This is still true in 2015, and the market is absolutely flooded with Star Wars themed toys. Kylo Ren’s face is plastered everywhere, and there are all sorts of figures and vehicles. However, I’m sad to say that Rey is not well represented.

My daughter was excited to hear about Rey’s strong character, and I thought it would be nice to get her a Rey figure to play with. I stopped off at a Toys R Us to see what was available. This close to Christmas, I expected the stock to be picked over, and sure enough it was.  Kylo Ren and BB-8 were nowhere to be found, but there were plenty of other characters around. There were lots of Finn (the male lead) and Poe Dameron (the rebel pilot). And there were all sorts of other vehicles and figures. But not a single Rey.

Now, it’s possible that all of the Rey figure were snapped up, leaving lots of Finns and Poes, but I’m doubtful. I followed the build up to the movie closely, and even I was surprised by what a strong character Rey turned out to be.  While it’s possible that Rey was manufactured in equal numbers to the other characters, I’m skeptical.  Finn and Poe were heavily cross-marketed in lots of items, but Rey was absent.  I’m pretty sure that the toy makers figured that Star Wars figures were for boys, and they wouldn’t need to manufacture as many Rey figures.

Thankfully, Amazon came to the rescue.  While I couldn’t find an individual Rey figure, I did find a set of six figures that included Rey.


Ayelet with her completed Rey coloring page

The good news is that there are more movies coming out in the next few years.  Hopefully Hasbro will get it right next time.

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A kids’ superhero book that’s actually worth buying

With the holiday season now officially started and gift shopping in full swing, I thought I would take a moment to share a surprising book I stumbled across… a superhero book that is actually worth buying.

Every time my son goes to the library, he comes home with a pile of easy readers about superheroes. As a kindergartener, he is only just starting to learn to read, but he is obsessed with these books and asks us to read them over and over. He has an amazing memory and will memorize them after just one or two times, but he will still insist that we read them at least a dozen times.

And let me tell you… these are not the sorts of books that you want to read more than once. Granted, they are easy readers, so the bar is low, but still… it can be pretty painful at times. The stories are just awful.

Don’t get me wrong.  I love superheroes, and I am happy to encourage my kids’ interest in them.  One of my favorite picture of my son was when I photoshopped him to look like the Incredible Hulk. And I think that it’s great how easy readers capitalize on kids’ interest in superheroes to build critical reading skills. But I still have to roll my eyes when a big stack of them comes home. They are just so painful to read.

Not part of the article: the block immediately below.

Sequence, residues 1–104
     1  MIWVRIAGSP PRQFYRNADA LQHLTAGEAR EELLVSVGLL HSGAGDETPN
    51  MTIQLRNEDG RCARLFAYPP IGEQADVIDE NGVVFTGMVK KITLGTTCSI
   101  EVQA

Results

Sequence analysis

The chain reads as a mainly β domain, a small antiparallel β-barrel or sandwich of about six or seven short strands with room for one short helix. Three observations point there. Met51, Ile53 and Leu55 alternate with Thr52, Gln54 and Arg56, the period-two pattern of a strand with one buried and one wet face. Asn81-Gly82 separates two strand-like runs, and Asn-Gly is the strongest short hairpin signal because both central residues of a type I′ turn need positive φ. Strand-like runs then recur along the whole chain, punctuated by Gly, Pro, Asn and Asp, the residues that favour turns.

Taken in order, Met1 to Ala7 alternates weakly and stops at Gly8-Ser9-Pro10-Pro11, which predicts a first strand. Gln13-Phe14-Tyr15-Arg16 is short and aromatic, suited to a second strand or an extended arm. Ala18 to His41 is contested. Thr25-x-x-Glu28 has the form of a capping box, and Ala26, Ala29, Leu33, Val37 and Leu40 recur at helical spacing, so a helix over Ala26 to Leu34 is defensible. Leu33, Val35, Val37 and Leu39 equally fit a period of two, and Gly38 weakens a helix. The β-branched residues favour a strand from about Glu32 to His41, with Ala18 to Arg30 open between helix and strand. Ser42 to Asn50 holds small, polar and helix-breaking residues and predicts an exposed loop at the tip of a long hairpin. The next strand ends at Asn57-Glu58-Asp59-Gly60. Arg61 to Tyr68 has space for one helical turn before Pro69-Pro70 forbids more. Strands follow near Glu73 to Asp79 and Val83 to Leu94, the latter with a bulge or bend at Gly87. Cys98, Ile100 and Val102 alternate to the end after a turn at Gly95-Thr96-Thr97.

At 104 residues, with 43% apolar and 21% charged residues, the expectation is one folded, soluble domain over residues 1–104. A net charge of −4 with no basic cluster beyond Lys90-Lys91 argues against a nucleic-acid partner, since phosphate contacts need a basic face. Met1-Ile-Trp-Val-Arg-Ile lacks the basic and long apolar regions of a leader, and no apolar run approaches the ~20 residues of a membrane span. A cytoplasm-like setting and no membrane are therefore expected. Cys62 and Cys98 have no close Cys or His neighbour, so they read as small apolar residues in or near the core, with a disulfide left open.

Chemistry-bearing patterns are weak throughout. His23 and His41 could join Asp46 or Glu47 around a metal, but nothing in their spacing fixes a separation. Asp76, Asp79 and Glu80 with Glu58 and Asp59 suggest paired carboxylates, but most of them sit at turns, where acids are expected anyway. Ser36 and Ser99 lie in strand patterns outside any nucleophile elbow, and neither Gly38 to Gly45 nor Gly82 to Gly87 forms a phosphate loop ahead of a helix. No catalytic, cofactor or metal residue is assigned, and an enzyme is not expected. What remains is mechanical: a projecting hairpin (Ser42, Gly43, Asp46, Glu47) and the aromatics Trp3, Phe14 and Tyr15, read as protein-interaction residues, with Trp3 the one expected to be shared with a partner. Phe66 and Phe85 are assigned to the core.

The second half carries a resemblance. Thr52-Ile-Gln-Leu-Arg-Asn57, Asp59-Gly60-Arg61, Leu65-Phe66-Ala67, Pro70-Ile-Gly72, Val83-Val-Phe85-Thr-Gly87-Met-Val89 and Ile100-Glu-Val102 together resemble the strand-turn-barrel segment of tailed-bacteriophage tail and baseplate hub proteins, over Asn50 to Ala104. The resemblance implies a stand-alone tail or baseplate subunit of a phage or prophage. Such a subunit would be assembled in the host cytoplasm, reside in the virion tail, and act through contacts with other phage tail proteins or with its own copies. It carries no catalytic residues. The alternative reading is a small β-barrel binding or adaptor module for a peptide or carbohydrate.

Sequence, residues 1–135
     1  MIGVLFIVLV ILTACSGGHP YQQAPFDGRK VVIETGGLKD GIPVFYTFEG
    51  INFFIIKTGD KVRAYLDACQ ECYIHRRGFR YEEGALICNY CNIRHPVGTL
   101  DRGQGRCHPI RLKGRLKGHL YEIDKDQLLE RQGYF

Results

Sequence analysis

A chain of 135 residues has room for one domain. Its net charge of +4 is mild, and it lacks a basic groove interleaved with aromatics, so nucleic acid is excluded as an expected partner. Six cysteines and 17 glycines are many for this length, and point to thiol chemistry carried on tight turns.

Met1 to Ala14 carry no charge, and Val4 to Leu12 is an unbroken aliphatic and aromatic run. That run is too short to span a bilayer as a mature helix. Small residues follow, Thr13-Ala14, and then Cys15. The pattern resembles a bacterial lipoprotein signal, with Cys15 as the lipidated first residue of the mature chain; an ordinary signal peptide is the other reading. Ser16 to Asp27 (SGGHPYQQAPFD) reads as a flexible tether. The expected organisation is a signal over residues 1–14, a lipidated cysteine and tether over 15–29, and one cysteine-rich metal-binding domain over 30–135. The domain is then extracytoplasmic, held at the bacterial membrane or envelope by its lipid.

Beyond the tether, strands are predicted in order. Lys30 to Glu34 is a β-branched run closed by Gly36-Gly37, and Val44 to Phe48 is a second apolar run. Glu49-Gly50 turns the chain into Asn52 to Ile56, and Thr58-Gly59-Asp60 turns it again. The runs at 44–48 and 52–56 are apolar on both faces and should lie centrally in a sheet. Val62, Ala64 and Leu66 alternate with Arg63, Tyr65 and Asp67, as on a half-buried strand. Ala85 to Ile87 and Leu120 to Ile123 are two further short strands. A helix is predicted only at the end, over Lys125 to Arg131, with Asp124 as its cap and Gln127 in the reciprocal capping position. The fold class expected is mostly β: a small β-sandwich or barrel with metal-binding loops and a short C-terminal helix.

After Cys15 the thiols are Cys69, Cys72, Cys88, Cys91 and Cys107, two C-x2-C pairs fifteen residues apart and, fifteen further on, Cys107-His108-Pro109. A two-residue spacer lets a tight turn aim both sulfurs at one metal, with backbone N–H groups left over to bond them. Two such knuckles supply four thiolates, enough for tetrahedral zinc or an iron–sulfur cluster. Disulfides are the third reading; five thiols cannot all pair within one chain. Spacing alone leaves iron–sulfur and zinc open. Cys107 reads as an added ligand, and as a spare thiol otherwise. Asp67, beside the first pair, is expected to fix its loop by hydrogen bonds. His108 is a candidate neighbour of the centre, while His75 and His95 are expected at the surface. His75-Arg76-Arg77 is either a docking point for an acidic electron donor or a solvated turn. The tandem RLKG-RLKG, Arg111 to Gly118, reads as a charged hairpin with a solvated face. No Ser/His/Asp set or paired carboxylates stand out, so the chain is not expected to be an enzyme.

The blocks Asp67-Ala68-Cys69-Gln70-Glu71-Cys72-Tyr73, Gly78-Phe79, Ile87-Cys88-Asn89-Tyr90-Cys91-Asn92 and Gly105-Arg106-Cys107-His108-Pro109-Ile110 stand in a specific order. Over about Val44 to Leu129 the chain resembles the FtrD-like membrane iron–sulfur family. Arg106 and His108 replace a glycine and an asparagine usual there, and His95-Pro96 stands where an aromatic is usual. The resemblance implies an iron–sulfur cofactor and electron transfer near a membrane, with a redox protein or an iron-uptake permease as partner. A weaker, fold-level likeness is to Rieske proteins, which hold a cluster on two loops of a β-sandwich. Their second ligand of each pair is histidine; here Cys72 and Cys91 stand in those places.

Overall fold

Which is why I was so surprised to find a superhero book I actually like.

A few weeks ago, my wife and I took a kids-free getaway weekend to Chicago. While browsing shops in the West Loop, I wandered into one of those little boutiques that says all sorts of silly little gifts and jewelry. They had a section of children’s books, and I started to browse through them to look for some gifts for the kids.

And so I stumbled onto the “DC Super Heroes: My First Dictionary“.


Now if you are a parent, I’m sure you already rolling your eyes just based on the title. We’ve all seen endless books with names like this… “My First Book of Colors” or “My First Book of Trucks” and so forth.

This book is different.  It’s a book of 500 words.  Some are generic (car, hat, etc.) and some are very superhero specific (can you spell “Batarang”?). Along with an example sentence, each picture is illustrated with a picture from the “silver age” of comic books.  They are bright, fun, and colorful.  It’s a joy just to thumb through the pictures.


For my son, the book is a prized possession.  He loves to look at the pictures and ask questions.  All of the classic characters are in there, as well as a lot of the side kicks.  Women feature prominently (Wonderwoman, Supergirl, Batgirl, and other lesser known female superheroes get lots of air time), and it also has lots of lesser known characters that I need to ask my own father about (who is Zantana?).

Sometimes at bedtime, my son and I will read through two or three letter’s worth of definitions.  It has high production values and is well put together.

If you are going to spend money on a book for a kid who loves superheroes, this is one you can feel good about.


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The story of the spider and the centipede: who does a kid take after?

Regardless of where you come down on the nature-versus-nurture argument, one thing is very clear: in many respects, kids are a lot like their parents. They have half your DNA and have spent their entire lives with you, and it’s only natural to see a behavior and say, “She get’s that from me,” or “That comes straight from my spouse.”